Monday, May 20, 2002

Gold News

I'm puzzled. Nothing new there.

Iain Murray points out an article in the Times:

The Liberals split over Ireland and imperialism in the 1880s with one faction, the Liberal Unionists, bolting the party. They split again over the prosecution of the First World War, with Lloyd George detaching himself from his colleagues. The Gold Standard prompted a Labour split in the 1930s, with Ramsay MacDonald going Awol. The political consequences of the Korean War cast Labour into opposition in the 1950s. Devaluation did for Harold Wilson in the 1960s. The proposed withdrawal from the then EC and the rise of CND led to the SDP in the 1980s.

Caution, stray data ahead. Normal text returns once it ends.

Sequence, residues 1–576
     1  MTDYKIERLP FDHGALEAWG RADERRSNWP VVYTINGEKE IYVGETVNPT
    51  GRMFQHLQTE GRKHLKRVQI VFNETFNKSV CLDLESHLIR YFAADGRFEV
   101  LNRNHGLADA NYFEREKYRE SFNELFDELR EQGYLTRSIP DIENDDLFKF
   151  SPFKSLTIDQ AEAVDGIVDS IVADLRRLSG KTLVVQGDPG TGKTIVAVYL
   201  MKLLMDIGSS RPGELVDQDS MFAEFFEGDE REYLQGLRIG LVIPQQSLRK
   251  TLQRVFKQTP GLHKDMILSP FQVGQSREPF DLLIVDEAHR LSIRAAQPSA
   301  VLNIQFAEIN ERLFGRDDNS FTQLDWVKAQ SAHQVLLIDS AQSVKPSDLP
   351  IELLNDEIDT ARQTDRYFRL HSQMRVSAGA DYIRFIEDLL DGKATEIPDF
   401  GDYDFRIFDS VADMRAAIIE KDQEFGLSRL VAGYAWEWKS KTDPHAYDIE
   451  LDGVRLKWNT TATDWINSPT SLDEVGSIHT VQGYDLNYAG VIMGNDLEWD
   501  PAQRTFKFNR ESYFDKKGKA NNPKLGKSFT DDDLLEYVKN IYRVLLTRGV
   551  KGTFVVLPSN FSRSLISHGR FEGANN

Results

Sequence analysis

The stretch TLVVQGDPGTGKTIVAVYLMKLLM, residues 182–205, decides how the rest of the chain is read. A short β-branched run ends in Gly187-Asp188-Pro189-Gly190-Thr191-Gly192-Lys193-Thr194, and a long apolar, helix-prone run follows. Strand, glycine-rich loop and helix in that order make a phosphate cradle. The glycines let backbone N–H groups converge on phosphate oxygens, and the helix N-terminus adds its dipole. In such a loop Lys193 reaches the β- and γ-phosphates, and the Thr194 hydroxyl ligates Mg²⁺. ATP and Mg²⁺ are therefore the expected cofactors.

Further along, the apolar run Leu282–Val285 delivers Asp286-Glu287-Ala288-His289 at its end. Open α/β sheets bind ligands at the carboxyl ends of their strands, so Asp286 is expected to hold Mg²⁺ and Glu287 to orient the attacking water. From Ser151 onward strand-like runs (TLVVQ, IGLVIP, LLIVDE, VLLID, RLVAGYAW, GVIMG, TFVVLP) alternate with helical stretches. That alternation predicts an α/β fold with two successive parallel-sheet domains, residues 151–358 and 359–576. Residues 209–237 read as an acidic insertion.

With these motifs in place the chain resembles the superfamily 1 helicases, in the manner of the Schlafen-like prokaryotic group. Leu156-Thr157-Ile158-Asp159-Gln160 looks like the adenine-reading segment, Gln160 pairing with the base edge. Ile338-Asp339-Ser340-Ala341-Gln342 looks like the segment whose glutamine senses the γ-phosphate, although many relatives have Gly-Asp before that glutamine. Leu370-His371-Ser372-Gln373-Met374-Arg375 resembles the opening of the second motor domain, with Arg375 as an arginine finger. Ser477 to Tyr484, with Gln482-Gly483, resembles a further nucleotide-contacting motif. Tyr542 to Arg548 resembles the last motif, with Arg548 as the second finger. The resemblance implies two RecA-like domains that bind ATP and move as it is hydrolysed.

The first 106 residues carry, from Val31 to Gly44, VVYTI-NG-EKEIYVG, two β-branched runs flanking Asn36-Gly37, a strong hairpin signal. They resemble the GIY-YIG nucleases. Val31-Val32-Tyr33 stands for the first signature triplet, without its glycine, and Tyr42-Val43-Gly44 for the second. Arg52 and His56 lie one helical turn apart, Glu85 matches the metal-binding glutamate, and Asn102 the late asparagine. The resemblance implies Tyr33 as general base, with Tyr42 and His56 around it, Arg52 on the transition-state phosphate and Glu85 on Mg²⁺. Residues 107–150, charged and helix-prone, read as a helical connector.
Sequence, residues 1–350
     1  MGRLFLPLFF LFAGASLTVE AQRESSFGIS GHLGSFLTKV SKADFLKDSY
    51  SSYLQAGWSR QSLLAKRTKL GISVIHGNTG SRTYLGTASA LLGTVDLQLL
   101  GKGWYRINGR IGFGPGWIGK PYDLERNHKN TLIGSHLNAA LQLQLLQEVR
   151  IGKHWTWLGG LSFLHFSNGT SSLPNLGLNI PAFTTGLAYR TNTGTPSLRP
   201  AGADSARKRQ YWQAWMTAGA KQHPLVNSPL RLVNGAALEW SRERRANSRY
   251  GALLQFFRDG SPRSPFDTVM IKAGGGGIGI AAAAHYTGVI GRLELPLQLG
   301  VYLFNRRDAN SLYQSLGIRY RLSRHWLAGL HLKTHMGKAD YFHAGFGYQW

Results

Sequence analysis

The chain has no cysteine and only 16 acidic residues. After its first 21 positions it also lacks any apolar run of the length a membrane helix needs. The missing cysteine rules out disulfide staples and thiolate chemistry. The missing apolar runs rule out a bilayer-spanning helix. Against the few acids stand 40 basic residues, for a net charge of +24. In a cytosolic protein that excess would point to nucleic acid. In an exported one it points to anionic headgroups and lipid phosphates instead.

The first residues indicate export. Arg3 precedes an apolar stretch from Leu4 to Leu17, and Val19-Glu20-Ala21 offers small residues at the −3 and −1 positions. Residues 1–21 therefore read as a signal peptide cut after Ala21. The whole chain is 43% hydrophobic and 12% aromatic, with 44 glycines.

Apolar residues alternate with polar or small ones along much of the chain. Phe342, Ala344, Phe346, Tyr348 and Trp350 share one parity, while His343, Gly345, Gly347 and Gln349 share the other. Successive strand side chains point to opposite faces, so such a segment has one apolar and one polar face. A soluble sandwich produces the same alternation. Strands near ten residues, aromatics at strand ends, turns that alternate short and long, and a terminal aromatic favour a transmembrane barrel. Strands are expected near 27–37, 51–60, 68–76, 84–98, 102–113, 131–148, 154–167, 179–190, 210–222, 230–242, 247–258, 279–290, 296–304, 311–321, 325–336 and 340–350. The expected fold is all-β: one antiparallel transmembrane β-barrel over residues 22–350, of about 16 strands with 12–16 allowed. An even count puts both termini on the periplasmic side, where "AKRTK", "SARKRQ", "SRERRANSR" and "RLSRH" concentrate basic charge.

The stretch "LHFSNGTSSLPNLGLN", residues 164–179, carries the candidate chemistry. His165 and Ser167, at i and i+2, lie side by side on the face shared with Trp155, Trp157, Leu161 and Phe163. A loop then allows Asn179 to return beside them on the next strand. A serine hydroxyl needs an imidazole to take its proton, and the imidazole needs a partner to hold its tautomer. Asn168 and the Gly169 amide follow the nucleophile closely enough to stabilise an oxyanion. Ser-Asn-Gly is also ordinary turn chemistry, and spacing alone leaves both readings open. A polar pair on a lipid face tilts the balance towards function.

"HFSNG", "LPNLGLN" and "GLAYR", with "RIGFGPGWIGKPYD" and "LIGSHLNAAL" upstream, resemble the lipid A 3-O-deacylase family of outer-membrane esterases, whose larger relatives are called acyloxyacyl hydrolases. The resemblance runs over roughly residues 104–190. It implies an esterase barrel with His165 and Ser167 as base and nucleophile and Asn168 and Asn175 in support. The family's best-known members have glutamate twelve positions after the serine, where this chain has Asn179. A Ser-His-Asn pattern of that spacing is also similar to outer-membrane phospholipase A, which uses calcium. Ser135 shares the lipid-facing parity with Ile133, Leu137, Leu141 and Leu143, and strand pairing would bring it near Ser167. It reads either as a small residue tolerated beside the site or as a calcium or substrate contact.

In every case, it has been a foreign policy dispute (often ones with serious economic implications) that has torpedoed the Left in power.

How, other than incidentally, was the Gold Standard a foreign policy issue? Remember this was before Bretton Woods when we were expected to maintain our own currency and not rely on the Americans to maintain the link with gold.

Is this trying to fit an inconvenient fact into an otherwise watertight argument and hoping no one will notice, or is this another instance of the Times hiring the wrong fact checker?


Post a Comment

Blog Archive